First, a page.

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In the field of tourism, job satisfaction has a direct impact on the quality of the service provided and, as a consequence, on the company’s image. This paper reviews some explanatory variables regarding job satisfaction in the hotel sector and makes an empirical application centered on field work undertaken in the hotels of the city of Cuenca (Ecuador). The current analysis is based on descriptive techniques and contrast of hypothesis, seeking to verify if the employees’ gender, age, marital status, or educational level affect their job satisfaction.
... It has been widely believed that the majority of human casualties and damage to vessels is related to human error; but recently it has been suggested that the link in the chain of events that directly leads to injury is fatigue ( Baulk and Reyner, 2002). The literature includes several studies on the working conditions of seafarers ( McNamara et al., 2000;Bloor et al., 2004;Jones et al., 2005;Smith et al., 2006;Andresen et al., 2007;Mitroussi, 2008;Orosa et al., 2011;Uğurlu et al., 2012), which discuss problems such as poor working and environmental conditions, work and rest hours, insufficient social opportunities, fatigue, and the relationship between fatigue and maritime accidents. ...
... Andersen, Domsch, and Cascorbi (2007) are among recent researchers who follow the first approach. For these authors, job satisfaction is a pleasant or positive emotional state resulting from the work experience, which is produced when the job satisfies certain individual needs. ...
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ABSTRACT This study examined factors affecting job satisfaction and also assessed the level of satisfaction of employees working in the hotel industry. The study gathered descriptive data using questionnaires from 190 hotel employees. Factor analysis was employed to extract job satisfaction factors while the standard multiple regression was used to analyze the predictive factors of job satisfaction. The results showed that employees were slightly satisfied with their jobs. The study also identified four main facets of satisfaction, namely pay, supervision, promotion, as well as training and advancement. Of these factors, pay, supervision, and promotion were found to significantly influence job satisfaction. Managerial implications are that hotel managers can overcome employee dissatisfaction by providing employees with competitive pay and also by training supervisors on the use of good communication, among other techniques.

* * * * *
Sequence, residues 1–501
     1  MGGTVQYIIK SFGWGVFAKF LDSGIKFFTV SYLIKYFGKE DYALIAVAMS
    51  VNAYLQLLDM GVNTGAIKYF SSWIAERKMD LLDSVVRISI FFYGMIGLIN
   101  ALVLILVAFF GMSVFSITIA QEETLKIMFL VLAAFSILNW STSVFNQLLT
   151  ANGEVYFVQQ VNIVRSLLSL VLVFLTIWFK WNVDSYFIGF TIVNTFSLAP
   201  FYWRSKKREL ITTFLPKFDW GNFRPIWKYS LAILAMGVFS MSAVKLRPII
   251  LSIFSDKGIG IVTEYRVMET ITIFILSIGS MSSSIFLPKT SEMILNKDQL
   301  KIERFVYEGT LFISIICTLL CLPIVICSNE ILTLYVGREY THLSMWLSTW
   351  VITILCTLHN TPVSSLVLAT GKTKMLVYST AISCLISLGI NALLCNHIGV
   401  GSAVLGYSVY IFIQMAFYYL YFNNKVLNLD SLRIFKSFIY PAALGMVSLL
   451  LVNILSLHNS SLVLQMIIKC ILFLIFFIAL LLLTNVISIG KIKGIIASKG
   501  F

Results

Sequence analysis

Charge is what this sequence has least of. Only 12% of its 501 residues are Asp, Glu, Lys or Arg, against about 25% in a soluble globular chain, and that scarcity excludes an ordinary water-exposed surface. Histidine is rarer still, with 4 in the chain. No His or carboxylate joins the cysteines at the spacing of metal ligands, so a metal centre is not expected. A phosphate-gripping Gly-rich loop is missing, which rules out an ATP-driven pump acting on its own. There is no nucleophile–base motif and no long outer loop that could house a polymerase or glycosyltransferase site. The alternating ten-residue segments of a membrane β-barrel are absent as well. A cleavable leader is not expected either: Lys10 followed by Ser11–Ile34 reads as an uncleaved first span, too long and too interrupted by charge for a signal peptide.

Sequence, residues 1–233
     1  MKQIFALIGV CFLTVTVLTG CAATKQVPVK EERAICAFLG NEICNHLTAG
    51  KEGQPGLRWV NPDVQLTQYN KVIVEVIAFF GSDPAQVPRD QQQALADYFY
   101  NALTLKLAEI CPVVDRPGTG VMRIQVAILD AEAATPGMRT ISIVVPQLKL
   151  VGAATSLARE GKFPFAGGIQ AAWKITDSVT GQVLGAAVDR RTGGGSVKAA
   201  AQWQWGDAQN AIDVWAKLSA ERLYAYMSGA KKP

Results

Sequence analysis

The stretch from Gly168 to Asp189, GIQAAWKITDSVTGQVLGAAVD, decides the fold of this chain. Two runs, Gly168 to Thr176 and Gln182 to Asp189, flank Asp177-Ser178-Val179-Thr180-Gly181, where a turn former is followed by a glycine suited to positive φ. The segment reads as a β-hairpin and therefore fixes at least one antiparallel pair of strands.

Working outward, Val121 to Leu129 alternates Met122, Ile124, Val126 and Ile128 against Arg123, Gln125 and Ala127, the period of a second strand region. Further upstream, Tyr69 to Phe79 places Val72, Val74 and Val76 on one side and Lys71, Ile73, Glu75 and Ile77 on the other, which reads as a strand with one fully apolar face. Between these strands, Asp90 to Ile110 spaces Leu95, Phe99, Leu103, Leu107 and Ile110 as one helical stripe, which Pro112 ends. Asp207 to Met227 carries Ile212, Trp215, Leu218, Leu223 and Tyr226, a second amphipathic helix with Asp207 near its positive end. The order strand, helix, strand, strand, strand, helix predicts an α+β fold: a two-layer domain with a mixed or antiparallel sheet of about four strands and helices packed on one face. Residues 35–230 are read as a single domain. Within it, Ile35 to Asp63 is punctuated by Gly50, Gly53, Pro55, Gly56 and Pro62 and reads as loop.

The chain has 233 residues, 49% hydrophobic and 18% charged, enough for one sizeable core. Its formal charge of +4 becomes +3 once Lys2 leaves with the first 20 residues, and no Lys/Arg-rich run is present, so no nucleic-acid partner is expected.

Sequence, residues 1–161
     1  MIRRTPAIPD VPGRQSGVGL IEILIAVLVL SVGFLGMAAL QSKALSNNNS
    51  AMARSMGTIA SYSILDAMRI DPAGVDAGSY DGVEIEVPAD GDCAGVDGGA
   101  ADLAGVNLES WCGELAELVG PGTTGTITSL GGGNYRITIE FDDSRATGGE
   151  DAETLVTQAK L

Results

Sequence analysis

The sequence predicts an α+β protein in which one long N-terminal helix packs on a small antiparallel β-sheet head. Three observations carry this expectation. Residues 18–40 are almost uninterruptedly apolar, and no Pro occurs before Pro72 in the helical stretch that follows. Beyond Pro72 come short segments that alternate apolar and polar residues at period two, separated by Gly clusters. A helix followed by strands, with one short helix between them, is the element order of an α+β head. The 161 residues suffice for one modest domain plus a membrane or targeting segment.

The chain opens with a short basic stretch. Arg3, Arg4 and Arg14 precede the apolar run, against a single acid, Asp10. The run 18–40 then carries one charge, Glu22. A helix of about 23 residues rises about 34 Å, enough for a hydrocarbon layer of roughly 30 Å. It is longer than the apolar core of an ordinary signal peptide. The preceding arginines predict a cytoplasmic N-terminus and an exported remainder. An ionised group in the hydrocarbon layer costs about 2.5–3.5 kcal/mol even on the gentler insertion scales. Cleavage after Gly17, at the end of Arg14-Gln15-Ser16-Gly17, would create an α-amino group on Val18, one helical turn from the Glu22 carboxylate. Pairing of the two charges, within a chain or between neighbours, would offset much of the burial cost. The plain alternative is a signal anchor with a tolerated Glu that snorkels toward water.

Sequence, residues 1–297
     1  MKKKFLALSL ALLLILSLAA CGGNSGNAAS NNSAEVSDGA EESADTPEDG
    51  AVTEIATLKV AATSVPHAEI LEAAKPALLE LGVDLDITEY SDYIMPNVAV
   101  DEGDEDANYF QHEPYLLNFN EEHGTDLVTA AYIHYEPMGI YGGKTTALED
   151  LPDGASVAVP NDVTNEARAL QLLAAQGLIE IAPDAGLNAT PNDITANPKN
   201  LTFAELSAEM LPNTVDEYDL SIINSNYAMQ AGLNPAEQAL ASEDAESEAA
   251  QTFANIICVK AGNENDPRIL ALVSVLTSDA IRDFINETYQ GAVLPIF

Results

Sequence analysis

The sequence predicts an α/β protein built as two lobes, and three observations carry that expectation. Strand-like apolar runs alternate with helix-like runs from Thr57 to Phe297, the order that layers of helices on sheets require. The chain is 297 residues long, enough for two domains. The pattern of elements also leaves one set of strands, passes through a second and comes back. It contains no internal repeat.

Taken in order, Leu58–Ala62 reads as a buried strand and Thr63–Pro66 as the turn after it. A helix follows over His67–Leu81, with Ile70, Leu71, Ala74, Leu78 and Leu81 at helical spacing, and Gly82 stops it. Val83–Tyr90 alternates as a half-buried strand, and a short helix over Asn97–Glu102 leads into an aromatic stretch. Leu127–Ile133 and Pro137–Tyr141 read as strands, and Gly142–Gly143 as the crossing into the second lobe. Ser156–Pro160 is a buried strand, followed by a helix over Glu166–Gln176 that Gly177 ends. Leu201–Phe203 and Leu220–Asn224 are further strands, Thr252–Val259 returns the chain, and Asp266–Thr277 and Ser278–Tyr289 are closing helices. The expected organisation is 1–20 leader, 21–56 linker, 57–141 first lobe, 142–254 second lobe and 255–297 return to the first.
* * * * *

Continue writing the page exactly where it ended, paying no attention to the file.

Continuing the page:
... It has been widely believed that the majority of human casualties and damage to vessels is related to human error; but recently it has been suggested that the link in the chain of events that directly leads to injury is fatigue (Baulk and Reyner, 2002). The literature includes several studies on the working conditions of seafarers (McNamara et al., 2000;Bloor et al., 2004;Jones et al., 2005;Smith et al., 2006;Andresen et al., 2007;Mitroussi, 2008;Orosa et al., 2011;Uğurlu et al., 2012), which discuss problems such as poor working and environmental conditions, work and rest hours, insufficient social opportunities, fatigue, and the relationship between fatigue and maritime accidents. ...
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Despite modern bridge equipment, new technologies, and improved safety measures, maritime accidents still occur, and an analysis of their causes is essential in preventing future accidents. Ship groundings are one of the more frequent types of accidents encountered, and this study examines the maritime accident reports issued for grounded ships between 1993 and 2011. These were sourced using the International Maritime Organization's Global Integrated Shipping Information System and the reports published by the countries and relevant institutions that investigated the accidents. The grounding accidents are analysed using the Analytic Hierarchy Process, and the objective of this study is to act as an advisory paper on the prevention of grounding accidents involving human error. The results suggest that the most significant causes of these types of accidents are, lack of communication and coordination in Bridge Resource Management, position-fixing application errors, lookout errors, interpretation errors, use of improper charts, inefficient use of bridge navigation equipment, and fatigue. It is suggested that providing more education and training opportunities to seafarers, promoting widespread use on board of Electronic Chart Display and Information Systems, and improving seafarers' working hours and rest breaks would help to reduce grounding accidents significantly.